In recent days, there have been notes about the New England Patriots and members of their coaching staff visiting schools to work out perspective draft prospects.
It's not uncommon for coaches to visit schools and work out particular players. As a matter of fact, it's exactly what coaches from each NFL team are doing around the league at this very time.
It's important to keep in mind the context of these visits: in some cases, there are under-the-radar prospects that teams haven't seen much of. In other cases, there are players that the team has identified as potential fits that they want to do more homework on. Sometimes, these visits are a matter of convenience, as could be the case with Bill Belichick showing up at Central Florida recently, as the school is located near the site of the NFL owners meetings.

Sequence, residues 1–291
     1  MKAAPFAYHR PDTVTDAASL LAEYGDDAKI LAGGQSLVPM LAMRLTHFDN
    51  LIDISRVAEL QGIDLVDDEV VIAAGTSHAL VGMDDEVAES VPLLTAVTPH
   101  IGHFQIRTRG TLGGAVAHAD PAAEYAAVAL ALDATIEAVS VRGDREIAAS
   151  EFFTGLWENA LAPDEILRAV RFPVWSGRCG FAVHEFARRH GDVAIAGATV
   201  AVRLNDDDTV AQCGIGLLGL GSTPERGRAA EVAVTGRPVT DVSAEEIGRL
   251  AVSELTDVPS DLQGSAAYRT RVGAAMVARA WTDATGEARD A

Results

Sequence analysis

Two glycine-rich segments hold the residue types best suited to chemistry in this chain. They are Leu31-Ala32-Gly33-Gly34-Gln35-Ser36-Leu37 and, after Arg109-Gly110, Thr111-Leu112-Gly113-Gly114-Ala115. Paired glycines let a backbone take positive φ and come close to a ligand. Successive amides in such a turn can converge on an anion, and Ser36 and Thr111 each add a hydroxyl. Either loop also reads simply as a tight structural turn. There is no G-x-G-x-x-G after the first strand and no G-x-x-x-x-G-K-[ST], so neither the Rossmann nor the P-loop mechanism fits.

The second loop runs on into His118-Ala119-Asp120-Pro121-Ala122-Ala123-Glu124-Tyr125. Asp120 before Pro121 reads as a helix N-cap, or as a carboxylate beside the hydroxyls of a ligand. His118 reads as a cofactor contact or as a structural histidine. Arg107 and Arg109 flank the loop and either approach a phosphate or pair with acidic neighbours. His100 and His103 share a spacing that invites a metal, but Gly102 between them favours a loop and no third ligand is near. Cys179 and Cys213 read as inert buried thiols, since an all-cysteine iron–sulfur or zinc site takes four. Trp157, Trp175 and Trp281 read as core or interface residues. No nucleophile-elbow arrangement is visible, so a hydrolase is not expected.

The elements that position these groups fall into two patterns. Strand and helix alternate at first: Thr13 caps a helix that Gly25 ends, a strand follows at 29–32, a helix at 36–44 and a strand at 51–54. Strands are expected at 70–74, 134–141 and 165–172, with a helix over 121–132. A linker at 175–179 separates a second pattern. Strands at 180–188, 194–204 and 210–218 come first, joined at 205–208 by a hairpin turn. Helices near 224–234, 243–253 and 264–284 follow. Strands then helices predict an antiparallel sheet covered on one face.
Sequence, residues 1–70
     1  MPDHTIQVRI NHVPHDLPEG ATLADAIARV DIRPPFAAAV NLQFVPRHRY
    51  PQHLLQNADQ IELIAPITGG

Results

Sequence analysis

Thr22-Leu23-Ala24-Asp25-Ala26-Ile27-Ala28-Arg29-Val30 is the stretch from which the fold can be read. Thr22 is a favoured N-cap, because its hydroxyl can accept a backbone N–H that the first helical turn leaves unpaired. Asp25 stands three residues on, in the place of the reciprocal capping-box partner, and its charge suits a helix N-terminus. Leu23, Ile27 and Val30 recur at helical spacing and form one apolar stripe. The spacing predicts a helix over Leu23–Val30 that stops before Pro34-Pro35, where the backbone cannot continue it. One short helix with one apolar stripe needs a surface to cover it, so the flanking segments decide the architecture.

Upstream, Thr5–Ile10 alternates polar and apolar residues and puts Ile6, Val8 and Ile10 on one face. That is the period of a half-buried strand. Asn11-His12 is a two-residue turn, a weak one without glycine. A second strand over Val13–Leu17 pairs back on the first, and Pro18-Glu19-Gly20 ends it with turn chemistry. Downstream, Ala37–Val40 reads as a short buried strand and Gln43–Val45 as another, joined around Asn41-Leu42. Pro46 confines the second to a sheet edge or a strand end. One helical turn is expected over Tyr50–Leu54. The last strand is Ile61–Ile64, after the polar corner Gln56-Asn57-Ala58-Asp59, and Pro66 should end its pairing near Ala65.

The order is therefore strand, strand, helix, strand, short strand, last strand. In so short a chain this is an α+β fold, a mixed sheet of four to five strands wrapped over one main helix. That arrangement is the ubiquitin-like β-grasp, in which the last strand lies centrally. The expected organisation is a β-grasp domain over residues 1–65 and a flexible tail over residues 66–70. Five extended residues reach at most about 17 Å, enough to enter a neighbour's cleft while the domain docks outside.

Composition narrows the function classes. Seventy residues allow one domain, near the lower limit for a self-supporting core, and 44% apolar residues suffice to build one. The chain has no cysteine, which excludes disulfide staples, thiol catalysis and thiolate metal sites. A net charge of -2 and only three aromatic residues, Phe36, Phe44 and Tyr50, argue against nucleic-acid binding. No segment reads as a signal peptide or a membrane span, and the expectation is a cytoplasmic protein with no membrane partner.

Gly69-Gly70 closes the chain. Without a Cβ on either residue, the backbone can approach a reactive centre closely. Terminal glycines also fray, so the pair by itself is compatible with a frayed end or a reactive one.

Coaches have only seen game tape of the draft prospects, which is a critical but not all-encompassing method to evaluate them. School visits afford them the chance to pick the players' brains on football intelligence (as they did at the combine), and also get a better view of their body types, something that can be harder to decipher when they have pads on (as an example, some coaches took note of Louisville quarterback Teddy Bridgewater at his recent pro day. He is considered a slender player for a pocket passer).
The pre-draft evaluation process is inexact. The Cowboys infamously traded up for LSU cornerback Morris Claiborne back in 2012 after having no contact with him.
Other times, pre-draft visits and workouts lead to teams investing in a player.
The takeaway is, while these workouts and visits can impact the evaluation process, they are just one piece of the puzzle.